ARBITRATION IN CONSTRUCTION DISPUTES
A Procedural and Legal Overview
OON CHEE KHENG
BE (Civil) (UNSW), LLB (Hons), MBA, CLP, MIEM, PEng (M) Advocate and Solicitor
A paper based on a lecture delivered on 24 May 2003 in Seremban to The Institution of Engineers, Malaysia (Negri Sembilan Branch)
INTRODUCTION Contrary to popular belief and knowledge, arbitration is not the only means of resolving disputes arising from construction contracts.1 Compared to other means of dispute resolution, arbitration as a means of resolving disputes does however have well-defined and generally well-understood mechanisms: this enables it to gain recognition as occupying its very definite place in the arena of dispute resolution “industry”. Further, even though there is some erosion to arbitration’s monopoly in standard forms of construction contracts as the sole and compulsory means of dispute resolution, it will not be wrong to state that arbitration as a means of resolving construction industry disputes is at the moment relatively well-entrenched. Besides, or because of this, there is also the legislative protection and control for arbitration principally in the form of Arbitration Act 1952 (hereinafter referred to as “the 1952 Act”). That is the reason why apart from arbitration and litigation, the rest of the dispute resolution mechanisms are collectively referred to as Alternative Dispute Resolution (or ADR for short). This paper is a brief overview of the legal and procedural landscape of arbitration from its commencement to its conclusion and thereafter. Being an overview, this paper cannot be treated as an exhaustive treatment of the subject, nor is it an attempt so to do: detailed and authoritative expositions can be found elsewhere.2
See, for an overview of other dispute resolution mechanisms, Oon Chee Kheng, Resolution of Construction Industry Disputes – An Overview being a paper based on a lecture presented to The Institution of Engineers, Malaysia (Negri Sembilan Branch) on 24 May 2003. 2 For example, Sir Michael J Mustill and Stewart C Boyd, The Law and Practice of Commercial Arbitration in England, Second Edition (1989) (hereinafter referred to as “Mustill and Boyd”). Sir Michael J Mustill is later to be Lord Mustill, Lord of Appeal in Ordinary, House of Lords. CK OON & CO. Advocates and Solicitors 1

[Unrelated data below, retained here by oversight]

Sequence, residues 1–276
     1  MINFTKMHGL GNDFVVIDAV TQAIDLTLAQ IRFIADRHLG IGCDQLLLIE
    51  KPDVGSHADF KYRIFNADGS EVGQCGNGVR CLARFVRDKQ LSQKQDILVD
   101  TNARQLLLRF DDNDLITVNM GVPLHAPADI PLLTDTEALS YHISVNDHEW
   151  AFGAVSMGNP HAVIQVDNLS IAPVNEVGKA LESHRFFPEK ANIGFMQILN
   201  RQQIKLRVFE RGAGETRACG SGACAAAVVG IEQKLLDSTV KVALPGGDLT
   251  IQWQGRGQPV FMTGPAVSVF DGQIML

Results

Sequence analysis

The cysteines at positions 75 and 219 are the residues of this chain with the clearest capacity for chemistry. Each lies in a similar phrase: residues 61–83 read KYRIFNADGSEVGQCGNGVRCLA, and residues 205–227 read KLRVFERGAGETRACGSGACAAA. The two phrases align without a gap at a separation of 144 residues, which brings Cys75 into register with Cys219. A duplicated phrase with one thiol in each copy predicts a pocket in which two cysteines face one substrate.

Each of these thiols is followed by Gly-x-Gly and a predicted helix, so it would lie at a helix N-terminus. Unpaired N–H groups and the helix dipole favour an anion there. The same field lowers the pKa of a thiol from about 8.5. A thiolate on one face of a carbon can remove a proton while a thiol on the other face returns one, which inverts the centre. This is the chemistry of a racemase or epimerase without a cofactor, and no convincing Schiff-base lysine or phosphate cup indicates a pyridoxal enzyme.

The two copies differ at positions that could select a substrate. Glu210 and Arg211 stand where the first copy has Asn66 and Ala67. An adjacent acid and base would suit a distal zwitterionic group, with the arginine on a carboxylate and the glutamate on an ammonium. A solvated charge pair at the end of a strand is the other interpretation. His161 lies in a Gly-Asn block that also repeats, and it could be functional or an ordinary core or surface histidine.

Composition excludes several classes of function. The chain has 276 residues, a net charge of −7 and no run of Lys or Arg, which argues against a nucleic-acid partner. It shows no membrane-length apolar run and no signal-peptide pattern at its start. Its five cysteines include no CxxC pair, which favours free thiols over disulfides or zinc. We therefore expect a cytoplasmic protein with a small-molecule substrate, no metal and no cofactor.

Arbitration in Construction Disputes A Procedural and Legal Overview
THE NATURE OF ARBITRATION The 1952 Act does not define arbitration. Arbitration as a means of resolving (construction industry) disputes must however be distinguished from other means of dispute resolution. For example, in Sports Maska Inc v. Zittrer,3 the Canadian Supreme Court observed that the courts are not bound by the language used and what is described as an expert determination is in reality an arbitration. Further, arbitration as a means of resolving disputes must also be distinguished from other processes such as valuation or certification. In the case of Ajzner v. Cartonlux Pty Ltd,4 it has been held that a process involving a reference to a person described as an “arbitrator” was not an arbitration but a reference to a valuer to make a determination in accordance with that person’s skill and knowledge. The distinction is important for the following reasons: (a) (b) (c) (d) Arbitration is governed by the 1952 Act, ADRs are not. An arbitrator is immune from legal suits;5 whereas there is potential liability for valuer, certifier and expert. Decisions of an arbitrator, valuer, certifier and expert have different legal effects and consequences. An arbitrator will need to observe strictly the rules of natural justice whereas a valuer, certifier or an expert may not need to.
In Collins v. Collins,6 Romilly MR said, “An arbitration is a reference to the decision of one or more persons, either with or without an umpire, of a particular matter in...